BGP routing table entry for 2001::2/128, version 16
Paths: (1 available, best #1, table Global-IPv6-Table)
  Not advertised to any peer
  Local
    ::FFFF:22.22.22.22 (metric 31) from 22.22.22.22 (22.22.22.22)
      Origin IGP, metric 0, localpref 100, valid, internal, best
      mpls labels in/out nolabel/22
!
!
PE1#show ipv6 route 2001::2/128 | b 2001::2
B   2001::2/128 [200/0]
     via ::FFFF:22.22.22.22, IPv6-mpls
PE2#show bgp ipv6 unicast 2001::1/128
BGP routing table entry for 2001::1/128, version 14
Paths: (1 available, best #1, table Global-IPv6-Table)
  Not advertised to any peer
  Local
    ::FFFF:11.11.11.11 (metric 31) from 11.11.11.11 (11.11.11.11)
      Origin IGP, metric 0, localpref 100, valid, internal, best
      mpls labels in/out nolabel/23
!
!
PE2#show ipv6 route 2001::1/128 | b 2001
B   2001::1/128 [200/0]
     via ::FFFF:11.11.11.11, IPv6-mpls

And the last test:

PE2#ping ipv6 2001::1 source 2001::2
 
Type escape sequence to abort.
Sending 5, 100-byte ICMP Echos to 2001::1, timeout is 2 seconds:
Packet sent with a source address of 2001::2
!!!!!
Success rate is 100 percent (5/5), round-trip min/avg/max = 12/17/24 ms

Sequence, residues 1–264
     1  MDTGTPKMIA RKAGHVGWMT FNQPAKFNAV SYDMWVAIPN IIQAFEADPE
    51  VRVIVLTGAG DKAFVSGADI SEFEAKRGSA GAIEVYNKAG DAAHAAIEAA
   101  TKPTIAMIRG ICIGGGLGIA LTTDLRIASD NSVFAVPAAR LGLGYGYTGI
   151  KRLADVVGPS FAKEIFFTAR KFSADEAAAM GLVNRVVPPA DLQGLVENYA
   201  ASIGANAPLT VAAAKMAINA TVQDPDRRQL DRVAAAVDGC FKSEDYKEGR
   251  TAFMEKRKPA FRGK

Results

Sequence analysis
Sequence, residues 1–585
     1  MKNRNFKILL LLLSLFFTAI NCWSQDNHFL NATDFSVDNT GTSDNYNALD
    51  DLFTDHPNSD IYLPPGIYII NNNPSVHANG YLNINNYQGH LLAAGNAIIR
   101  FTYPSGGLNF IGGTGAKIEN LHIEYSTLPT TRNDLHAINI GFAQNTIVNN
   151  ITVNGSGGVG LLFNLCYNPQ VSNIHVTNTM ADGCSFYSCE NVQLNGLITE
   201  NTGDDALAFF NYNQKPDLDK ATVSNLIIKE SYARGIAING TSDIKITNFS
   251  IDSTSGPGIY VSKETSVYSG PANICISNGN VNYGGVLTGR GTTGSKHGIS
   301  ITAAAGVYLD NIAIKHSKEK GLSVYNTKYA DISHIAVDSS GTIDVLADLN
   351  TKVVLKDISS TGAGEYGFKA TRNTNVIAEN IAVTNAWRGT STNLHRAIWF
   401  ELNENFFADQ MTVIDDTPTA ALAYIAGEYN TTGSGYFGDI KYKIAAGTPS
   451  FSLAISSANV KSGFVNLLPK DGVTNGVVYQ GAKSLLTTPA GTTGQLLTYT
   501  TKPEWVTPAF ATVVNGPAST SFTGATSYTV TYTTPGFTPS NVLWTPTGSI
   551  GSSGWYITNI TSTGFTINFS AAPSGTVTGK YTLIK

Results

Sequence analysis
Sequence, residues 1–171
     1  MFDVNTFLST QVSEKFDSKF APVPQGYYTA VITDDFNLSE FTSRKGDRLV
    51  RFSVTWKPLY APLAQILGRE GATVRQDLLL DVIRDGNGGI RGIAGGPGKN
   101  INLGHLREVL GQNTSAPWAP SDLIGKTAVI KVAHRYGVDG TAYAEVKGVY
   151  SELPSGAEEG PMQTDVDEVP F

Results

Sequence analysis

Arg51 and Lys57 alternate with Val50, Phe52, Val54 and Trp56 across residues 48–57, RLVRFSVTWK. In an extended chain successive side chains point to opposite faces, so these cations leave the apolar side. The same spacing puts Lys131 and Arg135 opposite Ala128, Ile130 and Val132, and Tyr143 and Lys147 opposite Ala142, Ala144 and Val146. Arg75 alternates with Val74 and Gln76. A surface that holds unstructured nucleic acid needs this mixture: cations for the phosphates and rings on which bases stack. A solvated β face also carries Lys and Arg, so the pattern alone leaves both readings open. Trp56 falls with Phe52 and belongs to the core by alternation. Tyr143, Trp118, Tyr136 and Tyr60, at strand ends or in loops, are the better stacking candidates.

If you have questions or there is something which is not clear please let me know by using the Comments section below.


MSFC, PFC and DFC on Cisco 6500 series

If you are in routing and switching industry, it’s almost impossible not to hear words like MSFC, PFC and DFC in relation with Cisco Catalyst 6500 series, chassis, supervisor and modules. If you didn’t yet, you’re not almost there, working with large enterprise environments.

Even if I see an increasing use of Nexus switches, C65k are and will still play an important role in next few years. I know that there will be voices out there standing that 6500 series is almost EoL. Nevertheless, this rumors where there also 4-5 years ago. My point is that you should know something about this platform and MSFC, PFC and DFC are playing an important role.

Anyway what are this acronyms?

MSFC (Multilayer Switch Feature Card)

Multilayer Switch Feature Card is the Layer 3 switching engine that sites on the Catalyst Supervisor as a daughter card. The MSFC is an integral part of the Supervisor Engine, providing high performance, multilayer switching and routing intelligence

PFC (Policy Feature Card)

The PFC provides the necessary ASICs to perform hardware-based Layer 3 switching, quality of service (QoS) classification, and access control list (ACL) filtering.

DFC (Distributed Feature Card)